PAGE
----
Seattle Cancer Patients Turning To Cannabis

Medical cannabis use in cancer patients
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A study of cancer patients attending a Seattle clinic has revealed approximately one-quarter of survey participants used marijuana in the past 12 months.

Seattle is Washington State’s largest city and Washington State has some of the most liberal cannabis laws in the USA, allowing anyone over the age of 21 with a valid identification to legally purchase marijuana, either for medical or recreational use.

A study by researchers from the Fred Hutchinson Cancer Research Center of patients attending the Seattle Cancer Care Alliance center sought to determine the prevalence and methods of marijuana use among cancer patients, along with perceived benefits.

926 of 2737 eligible patients completed the survey, with a median age of 58. 74% indicated they wanted information on cannabis treatments from cancer care providers. 24% had used cannabis in the past year and 21% in the past month.

Of cannabis users classed as active, 164 reported using cannabis at least once a week and 124 used it at least daily. 68 used it multiple times a day.

70% of active users inhaled marijuana products (e.g. smoking or vaping) and 70% consumed edibles – with 40% using both methods of administration.

75% of patients using cannabis did so to manage physical symptoms and 63% for neuropsychiatric issues. Cannabis has long been associated with the relief of cancer symptoms (and those associated with chemotherapy) such as lack of appetite, nausea and pain.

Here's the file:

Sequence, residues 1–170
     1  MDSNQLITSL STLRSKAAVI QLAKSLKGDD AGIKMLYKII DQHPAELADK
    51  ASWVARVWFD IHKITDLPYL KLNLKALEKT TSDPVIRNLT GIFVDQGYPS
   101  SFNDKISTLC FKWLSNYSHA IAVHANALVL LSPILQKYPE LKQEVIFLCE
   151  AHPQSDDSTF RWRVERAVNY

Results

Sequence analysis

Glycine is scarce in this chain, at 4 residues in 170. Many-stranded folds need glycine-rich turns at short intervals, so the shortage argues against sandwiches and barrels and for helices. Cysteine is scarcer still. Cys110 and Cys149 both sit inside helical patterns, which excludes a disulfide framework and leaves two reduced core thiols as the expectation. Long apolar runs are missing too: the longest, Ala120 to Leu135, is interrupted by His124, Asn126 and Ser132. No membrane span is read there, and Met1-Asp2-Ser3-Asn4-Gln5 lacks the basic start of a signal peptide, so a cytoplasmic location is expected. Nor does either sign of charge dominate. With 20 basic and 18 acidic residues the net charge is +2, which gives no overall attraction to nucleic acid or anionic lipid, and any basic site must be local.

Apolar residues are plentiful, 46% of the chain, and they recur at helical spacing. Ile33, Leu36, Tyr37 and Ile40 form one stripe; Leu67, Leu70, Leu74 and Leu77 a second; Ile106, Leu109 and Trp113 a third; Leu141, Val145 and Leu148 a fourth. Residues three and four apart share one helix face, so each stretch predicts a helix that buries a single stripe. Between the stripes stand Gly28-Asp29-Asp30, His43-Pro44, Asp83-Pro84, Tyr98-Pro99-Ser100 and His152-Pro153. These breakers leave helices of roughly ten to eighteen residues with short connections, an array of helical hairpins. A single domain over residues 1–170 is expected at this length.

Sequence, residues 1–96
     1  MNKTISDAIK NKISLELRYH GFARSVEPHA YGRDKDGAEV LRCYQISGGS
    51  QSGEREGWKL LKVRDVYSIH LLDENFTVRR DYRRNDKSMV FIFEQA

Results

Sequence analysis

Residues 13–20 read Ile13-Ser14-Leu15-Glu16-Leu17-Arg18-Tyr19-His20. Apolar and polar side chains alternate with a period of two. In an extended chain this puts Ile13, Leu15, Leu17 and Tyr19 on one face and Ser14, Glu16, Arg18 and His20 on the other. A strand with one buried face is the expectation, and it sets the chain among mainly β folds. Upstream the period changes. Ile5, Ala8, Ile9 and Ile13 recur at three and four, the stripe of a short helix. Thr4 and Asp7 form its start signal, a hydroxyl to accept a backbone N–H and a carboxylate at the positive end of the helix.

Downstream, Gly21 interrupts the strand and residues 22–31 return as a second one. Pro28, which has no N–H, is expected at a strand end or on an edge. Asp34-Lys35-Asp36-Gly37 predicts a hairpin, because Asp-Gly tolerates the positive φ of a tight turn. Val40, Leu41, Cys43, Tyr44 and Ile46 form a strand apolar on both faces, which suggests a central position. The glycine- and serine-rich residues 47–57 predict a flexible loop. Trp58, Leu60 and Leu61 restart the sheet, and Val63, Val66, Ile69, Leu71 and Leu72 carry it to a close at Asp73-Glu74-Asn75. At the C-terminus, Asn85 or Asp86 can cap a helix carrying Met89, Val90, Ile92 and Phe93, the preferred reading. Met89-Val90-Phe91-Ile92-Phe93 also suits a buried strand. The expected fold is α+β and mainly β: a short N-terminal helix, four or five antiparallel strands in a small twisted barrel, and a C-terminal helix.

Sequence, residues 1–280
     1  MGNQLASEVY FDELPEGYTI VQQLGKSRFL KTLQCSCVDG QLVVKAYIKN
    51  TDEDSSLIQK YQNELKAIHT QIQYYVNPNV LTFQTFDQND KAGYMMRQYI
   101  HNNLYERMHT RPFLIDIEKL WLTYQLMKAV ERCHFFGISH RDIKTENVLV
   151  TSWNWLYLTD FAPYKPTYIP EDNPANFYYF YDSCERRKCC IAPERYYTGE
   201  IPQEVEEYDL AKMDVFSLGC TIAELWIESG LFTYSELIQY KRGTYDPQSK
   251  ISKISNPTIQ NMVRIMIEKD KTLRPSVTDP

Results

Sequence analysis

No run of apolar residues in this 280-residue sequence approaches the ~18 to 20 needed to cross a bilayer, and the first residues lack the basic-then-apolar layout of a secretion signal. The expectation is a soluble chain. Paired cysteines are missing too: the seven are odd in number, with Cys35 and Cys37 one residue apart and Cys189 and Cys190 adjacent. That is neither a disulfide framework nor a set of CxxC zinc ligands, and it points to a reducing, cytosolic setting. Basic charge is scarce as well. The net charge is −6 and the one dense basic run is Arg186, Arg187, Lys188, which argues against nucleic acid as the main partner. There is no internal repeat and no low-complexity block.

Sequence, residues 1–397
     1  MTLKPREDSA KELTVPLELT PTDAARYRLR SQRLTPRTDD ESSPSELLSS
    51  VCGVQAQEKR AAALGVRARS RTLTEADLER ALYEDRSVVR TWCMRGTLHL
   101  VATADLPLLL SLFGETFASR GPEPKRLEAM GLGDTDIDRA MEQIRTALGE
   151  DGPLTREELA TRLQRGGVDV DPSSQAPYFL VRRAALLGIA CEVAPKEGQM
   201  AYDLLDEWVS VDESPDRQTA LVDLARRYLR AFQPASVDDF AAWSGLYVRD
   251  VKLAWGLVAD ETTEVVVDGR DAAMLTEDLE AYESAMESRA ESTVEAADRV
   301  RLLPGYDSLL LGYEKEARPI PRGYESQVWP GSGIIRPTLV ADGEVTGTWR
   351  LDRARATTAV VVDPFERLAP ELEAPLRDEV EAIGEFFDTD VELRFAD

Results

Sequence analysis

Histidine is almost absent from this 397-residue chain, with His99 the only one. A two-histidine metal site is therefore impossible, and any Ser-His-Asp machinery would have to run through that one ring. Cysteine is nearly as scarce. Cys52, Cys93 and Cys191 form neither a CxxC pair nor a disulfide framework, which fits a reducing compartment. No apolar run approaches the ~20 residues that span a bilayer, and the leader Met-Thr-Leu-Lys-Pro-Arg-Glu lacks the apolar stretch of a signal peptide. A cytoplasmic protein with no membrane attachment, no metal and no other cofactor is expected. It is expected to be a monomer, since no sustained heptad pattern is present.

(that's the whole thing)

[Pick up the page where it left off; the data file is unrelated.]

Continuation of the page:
26% of active users believed that cannabis was helping in treating their cancer and 51% believed cannabis was a major benefit in managing symptoms.

The legal status of cannabis in Washington played a significant role in patients choosing to use it.

“This study of cancer patients in a state with legalized cannabis found high rates of active use across broad subgroups, and legalization was reported to be important in patients’ decision to use,” states the study’s conclusion. Legalization significantly increased the likelihood of cannabis use in more than 50% of respondents.

The study authors note that given only a third of patients responded to the survey, sampling bias may have resulted in either overrepresentation or underrepresentation of current use patterns.

Among its recommendations, the researchers state:

“… there is a need for clinical trials evaluating the role of cannabis in symptom management and for the development of formalized education for patients and health care professionals about the risks and benefits of use in this population.”

The full study has been published in the journal Cancer, a peer-reviewed journal of the American Cancer Society.